17 Domain 4: Inter-professional health care and quality improvement competencies to demonstrate that, as a member of the health care team, the nurse evaluates the effectiveness of care and promotes a nursing perspective with the inter-professional activities of the team. Domain 1: Professional responsibility Core competency in palliative care Applies legal and ethical decision-making principles in planning and delivering palliative care for people with a life-limiting condition Demonstrates a holistic model of care for those with a life-limiting condition, encompassing the Māori philosophy of health and wellbeing Te Whare Tapa Wha Understands the role of others in palliative care and the accountability of the registered nurse in planning and evaluating care Understands the impact that a life-limiting condition has on a person, their family/whānau and wider community, and provides support to facilitate their own decisionmaking Demonstrates practice which promotes safe and independent care for the person with a life-limiting condition while maintaining their quality of life Recognises the cultural uniqueness of individuals and their families/whānau and demonstrates the provision of sensitive and culturally appropriate nursing care to those with a life-limiting illness Demonstrates the ability to gain cultural support and assistance from appropriate sources if/when needed Nursing Council competency Accepts responsibility for ensuring that his/her nursing practice and conduct meet the standards of the professional, ethical and relevant legislated requirements Demonstrates the ability to apply the principles of the Treaty of Waitangi / Te Tiriti o Waitangi to nursing practice Demonstrates accountability for directing, monitoring and evaluating nursing care that is provided by nurse assistants, enrolled nurses and others Promotes an environment that enables health consumer safety, independence, quality of life and health Practises nursing in a manner that the health consumer determines as being culturally safe A National Professional Development Framework for 11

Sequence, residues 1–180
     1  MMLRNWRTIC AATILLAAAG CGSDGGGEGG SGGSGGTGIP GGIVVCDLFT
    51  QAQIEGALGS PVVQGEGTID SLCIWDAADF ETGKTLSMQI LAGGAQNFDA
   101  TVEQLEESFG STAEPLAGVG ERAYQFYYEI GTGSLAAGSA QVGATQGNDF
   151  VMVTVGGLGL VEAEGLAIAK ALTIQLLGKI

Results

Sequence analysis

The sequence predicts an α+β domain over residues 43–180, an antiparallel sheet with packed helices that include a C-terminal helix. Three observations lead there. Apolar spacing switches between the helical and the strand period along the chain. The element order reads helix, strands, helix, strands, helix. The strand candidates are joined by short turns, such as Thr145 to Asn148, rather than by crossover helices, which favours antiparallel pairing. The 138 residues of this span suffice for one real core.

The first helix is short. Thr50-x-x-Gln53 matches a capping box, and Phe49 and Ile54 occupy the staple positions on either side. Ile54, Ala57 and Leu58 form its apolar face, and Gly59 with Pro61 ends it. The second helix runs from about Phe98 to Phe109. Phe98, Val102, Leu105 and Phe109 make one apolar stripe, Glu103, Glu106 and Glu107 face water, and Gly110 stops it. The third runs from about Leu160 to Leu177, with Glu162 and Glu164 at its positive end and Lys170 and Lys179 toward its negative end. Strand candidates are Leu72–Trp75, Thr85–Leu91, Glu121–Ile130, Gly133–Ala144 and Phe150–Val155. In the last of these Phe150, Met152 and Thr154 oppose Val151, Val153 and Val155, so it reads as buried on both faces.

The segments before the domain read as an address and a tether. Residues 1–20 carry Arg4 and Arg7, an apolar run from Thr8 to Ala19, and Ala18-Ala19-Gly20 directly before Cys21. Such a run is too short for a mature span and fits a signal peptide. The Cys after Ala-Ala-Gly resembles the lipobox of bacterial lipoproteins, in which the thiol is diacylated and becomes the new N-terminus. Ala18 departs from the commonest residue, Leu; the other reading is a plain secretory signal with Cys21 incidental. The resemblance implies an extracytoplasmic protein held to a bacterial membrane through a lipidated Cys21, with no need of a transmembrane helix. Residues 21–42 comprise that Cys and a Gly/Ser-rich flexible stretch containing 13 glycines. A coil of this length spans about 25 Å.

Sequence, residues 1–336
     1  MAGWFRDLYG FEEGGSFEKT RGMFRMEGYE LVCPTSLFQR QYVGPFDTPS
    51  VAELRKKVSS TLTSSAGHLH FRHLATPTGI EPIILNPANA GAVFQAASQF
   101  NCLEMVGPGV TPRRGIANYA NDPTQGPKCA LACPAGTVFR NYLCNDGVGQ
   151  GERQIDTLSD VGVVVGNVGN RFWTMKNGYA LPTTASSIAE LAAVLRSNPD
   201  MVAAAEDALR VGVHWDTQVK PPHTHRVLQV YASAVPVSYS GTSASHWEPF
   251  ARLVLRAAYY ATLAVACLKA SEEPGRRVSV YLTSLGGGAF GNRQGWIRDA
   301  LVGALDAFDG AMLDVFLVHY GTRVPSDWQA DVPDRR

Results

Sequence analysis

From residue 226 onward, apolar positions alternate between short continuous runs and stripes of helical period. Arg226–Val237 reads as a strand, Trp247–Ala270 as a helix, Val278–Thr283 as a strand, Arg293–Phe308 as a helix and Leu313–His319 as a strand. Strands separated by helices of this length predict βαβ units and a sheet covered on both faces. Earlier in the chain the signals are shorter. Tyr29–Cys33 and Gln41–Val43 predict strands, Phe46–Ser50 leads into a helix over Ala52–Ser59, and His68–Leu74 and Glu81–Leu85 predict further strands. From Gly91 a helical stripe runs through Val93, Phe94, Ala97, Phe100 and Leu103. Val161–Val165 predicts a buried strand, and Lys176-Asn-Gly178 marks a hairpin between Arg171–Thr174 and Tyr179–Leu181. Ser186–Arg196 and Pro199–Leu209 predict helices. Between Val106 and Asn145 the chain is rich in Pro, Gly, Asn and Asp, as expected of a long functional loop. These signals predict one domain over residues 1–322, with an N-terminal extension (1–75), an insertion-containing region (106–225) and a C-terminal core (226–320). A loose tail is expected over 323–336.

18 Domain 2: Management of nursing care Core competency in palliative care Applies knowledge of the pathophysiology of common symptoms to achieve effective symptom control, thereby improving the quality of life and reducing the burden for people with a life-limiting condition Undertakes a comprehensive nursing assessment and delivers nursing care that incorporates all aspects of the person physical (te taha tinana), spiritual (te taha wairua), emotional (te taha hinengaro) and social (te taha whānau) Accurately documents a nursing assessment, management plan and evidence of ongoing evaluation of agreed patient goals and symptom control and demonstrates understanding of the importance of confidentiality Provides adequate explanation and support to those with a life-limiting illness and their families/whānau, facilitating informed decision-making regarding proposed plan of care Demonstrates an ability to access other support (as required) in order to meet the person and their family/whānau s need for information/explanation Demonstrates knowledge of common palliative care emergencies and is able to plan care so as to anticipate and limit distress for those with a life-limiting condition and their families/whānau Understands the normal responses to grief and loss, which may be expressed in emotions that are confrontational Determines the effectiveness of nursing care on clinical outcomes via regular and ongoing assessment of and with the person with a life-limiting condition and their family/whānau/ Provides health education appropriate to the needs of the health consumer and their family/ whānau within a nursing framework which enables self-management Uses reflective practice to identify areas for further learning, and documents needs and actions in a professional portfolio Demonstrates an awareness of current gaps in knowledge of palliative care, and takes responsibility to seek and use available resources to develop the skills required to care for people with a life-limiting condition and their family/whanau Accesses advice, assistance, debriefing and direction as necessary Engages in self-care practices and encourages colleagues with similar activities to foster a caring environment that supports all levels of staff through challenging end-of-life situations Maintains professional development in regard to advancing knowledge and skills in palliative care Nursing Council competency Provides planned nursing care to achieve identified outcomes Undertakes a comprehensive and accurate nursing assessment of health consumers in a variety of settings Ensures documentation is accurate and maintains confidentiality of information Ensures the health consumer has adequate explanation of the effects, consequences and alternatives of proposed treatment options Acts appropriately to protect oneself and others when faced with unexpected health consumer responses, confrontation, personal threat or other crisis situations Evaluates health consumers progress towards expected outcomes, in partnership with health consumers Provides health education appropriate to the needs of the health consumer within a nursing framework Reflects on, and evaluates with peers and experienced nurses, the effectiveness of nursing care Maintains professional development 12 A National Professional Development Framework for